Artificial Intelligence, better known as AI, is the area of study involved in developing complex software designed to mimic human intelligence. There are many applications of AI, including aiding in manufacturing, driving, solving problems, and data analysis. In the last few years, AI technology has improved dramatically, and modern AI systems are far more capable of solving complex problems than ever before.
Previously, AI has also been programmed to play games such as GO and chess. While these games are complex, they involve a single opponent and don’t include luck as a factor. Poker is far more challenging for AIs to excel at because there are so many different variables, multiple opponents, and an element of luck.
Playing poker well requires understanding the mathematics and theory behind poker while also requiring strategy, intuition, and reasoning based on hidden information. AI programs have been developed to play online poker in the past, but getting them to succeed and beat top players was always difficult for this reason. It’s challenging to create a piece of software capable of balancing these factors. However, new progress was made in 2019 with Pluribus.
Pluribus: A Poker Playing AI
In 2019, it was announced that a computer program had finally done what many believed was impossible. Pluribus, created by a team of scientists at Carnegie Mellon University in Pennsylvania, beat several top-ranked poker players in a six-player game of Texas hold ’em. This was one of the first projects where AI was competing against multiple players and where simply understanding the strategy of the game wasn’t enough to win.
Going from two to six players might not seem like a big deal, but it has a huge impact on how the game is played and the number of calculations that the AI has to make. Pluribus was an updated version of a previous AI known as Libratus, which had previously beaten poker professionals in a two-player game. Although it was performing a more complex task, Pluribus was designed to use less computing power and be more efficient in how it made its calculations.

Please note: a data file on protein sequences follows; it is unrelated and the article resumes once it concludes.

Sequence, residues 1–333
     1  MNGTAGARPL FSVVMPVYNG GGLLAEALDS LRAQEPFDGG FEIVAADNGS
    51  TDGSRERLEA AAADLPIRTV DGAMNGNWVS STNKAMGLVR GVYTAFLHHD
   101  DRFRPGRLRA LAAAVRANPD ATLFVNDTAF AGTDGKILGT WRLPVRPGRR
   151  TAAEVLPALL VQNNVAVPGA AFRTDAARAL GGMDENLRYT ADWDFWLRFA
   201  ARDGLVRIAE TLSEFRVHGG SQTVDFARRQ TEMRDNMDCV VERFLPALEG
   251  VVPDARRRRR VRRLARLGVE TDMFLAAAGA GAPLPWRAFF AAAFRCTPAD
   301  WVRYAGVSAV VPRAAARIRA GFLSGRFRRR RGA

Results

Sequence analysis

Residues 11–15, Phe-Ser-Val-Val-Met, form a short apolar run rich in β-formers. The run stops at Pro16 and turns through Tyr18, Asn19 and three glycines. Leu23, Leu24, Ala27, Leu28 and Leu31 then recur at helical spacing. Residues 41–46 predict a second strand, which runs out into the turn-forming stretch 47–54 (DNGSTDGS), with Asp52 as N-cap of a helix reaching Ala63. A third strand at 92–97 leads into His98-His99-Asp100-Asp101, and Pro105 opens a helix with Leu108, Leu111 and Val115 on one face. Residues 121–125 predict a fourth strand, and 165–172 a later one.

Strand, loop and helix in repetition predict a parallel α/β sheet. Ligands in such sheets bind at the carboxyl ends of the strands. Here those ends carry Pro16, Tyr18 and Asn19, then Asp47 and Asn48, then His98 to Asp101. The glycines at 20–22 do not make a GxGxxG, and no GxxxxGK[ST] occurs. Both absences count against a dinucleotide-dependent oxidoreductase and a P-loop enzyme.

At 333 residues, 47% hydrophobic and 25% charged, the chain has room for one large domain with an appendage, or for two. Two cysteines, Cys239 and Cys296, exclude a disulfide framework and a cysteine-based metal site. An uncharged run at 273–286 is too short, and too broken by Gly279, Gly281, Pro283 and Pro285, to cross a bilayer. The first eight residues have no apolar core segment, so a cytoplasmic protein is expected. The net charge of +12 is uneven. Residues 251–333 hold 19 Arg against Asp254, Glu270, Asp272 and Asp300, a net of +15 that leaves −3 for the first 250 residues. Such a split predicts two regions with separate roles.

The outcomes of Pluribus were outstanding. It competed in 10,000 hands of poker against five different players from a group of top-ranked poker professionals. On pace with what professional poker players aim for, Pluribus won $480 from its human opponents for every 100 hands on average.
How Does Pluribus Work?
The research team developed Pluribus by expanding on what it had discovered with Libratus. The search algorithm was completely revised. When playing against an opponent in strategic games, it is typical for AI to use decision trees until the very end of the game before making a move.
However, this technique was impractical in a multiplayer game due to the abundance of concealed data and the sheer volume of processing possibilities. The answer for Pluribus was that it simply considers the next few movements when deciding what action to take rather than considering every move up until the end of the game.
Similar to AlphaZero, DeepMind’s Go AI, Pluribus uses reinforcement learning to teach itself from scratch. It begins by playing poker at random and gets better as it learns which decisions make the most profit. Each hand is reviewed afterward to determine whether alternate moves, such as raising rather than maintaining a stake, might have resulted in a greater profit. If these alternatives would have produced better results, they’re more likely to be chosen in the future.
Pluribus developed a fundamental poker strategy that it uses in matches by playing countless hands of poker against itself. It compares the current state of the game to its core strategy at each decision point and looks at a few moves ahead to see the likely outcomes. It then determines if it can make improvements. Because it learns without human input, it can make decisions that a human might not make, and it’s more likely to be unpredictable.
Courtney is an author for the technology website Feedbuzzard and in spare time loves going out. She reads a lot of books, but fiction is her favorite genre. When she's not writing or reading, she likes to go hiking or biking with her friends.